Thursday, December 12, 2013
By PAUL FOY/The Associated Press
SALT LAKE CITY - A 22-year-old Utah man was killed trying to swing through the opening of a 110-foot-tall sandstone arch in a stunt made so popular on YouTube that state authorities recently banned the daredevil activity by commercial outfitters.
A person swings from the Corona Arch near Moab, Utah, in November. A 22-year-old man was killed Sunday, trying to swing through the opening of the 110-foot-tall, sandstone arch in a stunt made popular on YouTube.
2012 Associated Press File Photo
Kyle Lee Stocking, of West Jordan, left too much slack in the rope he was using, and it sent him crashing into the sandstone base of Corona Arch near Moab, Grand County sheriff's officials said. He died Sunday afternoon.
Viral videos have bolstered the activity, which involves swinging wildly from ropes through arch and canyon openings. One video titled "World's Largest Rope Swing" has racked up more than 17 million views on YouTube since it was posted in February.
"Pendulum" swinging is a relatively new form of recreation in Utah's canyon lands, which see plenty of injuries and deaths from rock climbing and BASE jumping, which involves leaping from a fixed object with a parachute. On March 13, another man, Zachery Taylor, was killed rappelling at Tear Drop Arch in Utah's Monument Valley.
It's part of the recreational "craziness" sweeping the Moab area, where the annual Jeep Safari week got started Saturday, another potentially dangerous activity that involves rock crawling in modified vehicles, said John Weisheit of Living Rivers, a local environmental group.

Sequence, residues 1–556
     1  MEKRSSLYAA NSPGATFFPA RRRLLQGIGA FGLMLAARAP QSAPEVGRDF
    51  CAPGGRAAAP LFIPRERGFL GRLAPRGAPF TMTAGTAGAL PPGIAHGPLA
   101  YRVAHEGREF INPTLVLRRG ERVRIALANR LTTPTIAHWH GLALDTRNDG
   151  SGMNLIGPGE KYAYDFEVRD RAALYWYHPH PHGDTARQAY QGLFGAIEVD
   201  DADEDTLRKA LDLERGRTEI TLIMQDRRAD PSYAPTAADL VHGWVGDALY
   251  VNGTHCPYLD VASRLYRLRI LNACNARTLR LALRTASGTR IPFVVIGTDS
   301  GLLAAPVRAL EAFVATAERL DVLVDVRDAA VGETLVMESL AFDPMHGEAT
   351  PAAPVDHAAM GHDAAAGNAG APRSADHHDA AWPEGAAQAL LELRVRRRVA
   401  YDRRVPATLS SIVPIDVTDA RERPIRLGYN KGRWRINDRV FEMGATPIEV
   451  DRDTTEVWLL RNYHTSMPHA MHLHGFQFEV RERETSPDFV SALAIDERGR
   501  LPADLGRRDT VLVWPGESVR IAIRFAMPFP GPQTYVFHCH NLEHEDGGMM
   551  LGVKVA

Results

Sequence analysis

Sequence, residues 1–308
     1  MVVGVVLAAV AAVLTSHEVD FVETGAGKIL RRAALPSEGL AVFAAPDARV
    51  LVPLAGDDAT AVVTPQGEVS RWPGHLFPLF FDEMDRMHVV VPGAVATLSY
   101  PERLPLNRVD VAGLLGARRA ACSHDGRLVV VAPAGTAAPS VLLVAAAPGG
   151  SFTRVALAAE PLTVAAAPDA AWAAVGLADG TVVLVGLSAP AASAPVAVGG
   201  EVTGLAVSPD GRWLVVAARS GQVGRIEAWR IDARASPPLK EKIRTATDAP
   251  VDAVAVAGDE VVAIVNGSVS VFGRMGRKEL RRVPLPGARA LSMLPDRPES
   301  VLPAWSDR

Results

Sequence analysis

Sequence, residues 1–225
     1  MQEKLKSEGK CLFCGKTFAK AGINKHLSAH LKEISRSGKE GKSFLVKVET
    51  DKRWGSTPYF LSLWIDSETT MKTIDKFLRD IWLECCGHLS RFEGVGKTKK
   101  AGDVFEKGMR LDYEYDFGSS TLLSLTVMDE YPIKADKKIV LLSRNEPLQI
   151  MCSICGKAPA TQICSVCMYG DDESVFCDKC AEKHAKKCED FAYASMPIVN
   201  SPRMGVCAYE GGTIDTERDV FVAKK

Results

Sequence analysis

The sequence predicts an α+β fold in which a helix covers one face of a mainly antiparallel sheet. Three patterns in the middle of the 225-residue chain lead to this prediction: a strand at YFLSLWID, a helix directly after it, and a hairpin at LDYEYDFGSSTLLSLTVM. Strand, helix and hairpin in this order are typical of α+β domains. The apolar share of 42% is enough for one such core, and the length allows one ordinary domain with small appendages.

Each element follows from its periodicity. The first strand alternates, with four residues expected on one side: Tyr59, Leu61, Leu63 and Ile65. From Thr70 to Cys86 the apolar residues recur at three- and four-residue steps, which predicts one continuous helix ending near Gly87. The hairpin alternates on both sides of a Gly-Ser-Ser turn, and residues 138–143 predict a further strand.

"People aren't accepting nature for what it is. They have to put an element of excitement into it," said Weisheit, a longtime rafting guide. "People see it on YouTube and then say, 'That looks like fun.' "
It wasn't immediately clear how Stocking or his friends miscalculated the distance for a wild swing through Corona Arch. Sheriff's Lt. Kim Neal said Stocking left too much rope loose when he clipped into his waist harness.
"A lot of people are doing it around here," said Sean Hazell at Moab outfitter Western Spirit Cycling, who was planning to make his own jump from the top of Corona Arch. "I'm definitely going to think twice about it now."
Corona Arch is on Utah state trust lands but is set to be turned over to a federal land-management agency. Because of the accident, the Bureau of Land Management is "taking a closer look at appropriate ways to balance and manage these activities on public lands," BLM spokeswoman Megan Crandall said Monday.
The Utah Trust Lands Administration tried to curb Corona Arch's growing appeal by banning commercial jumping effective Jan. 1. But the agency said it can't prevent private parties from using its lands. The agency posted a trailhead warning about the potential for "severe injury or death even if your equipment works."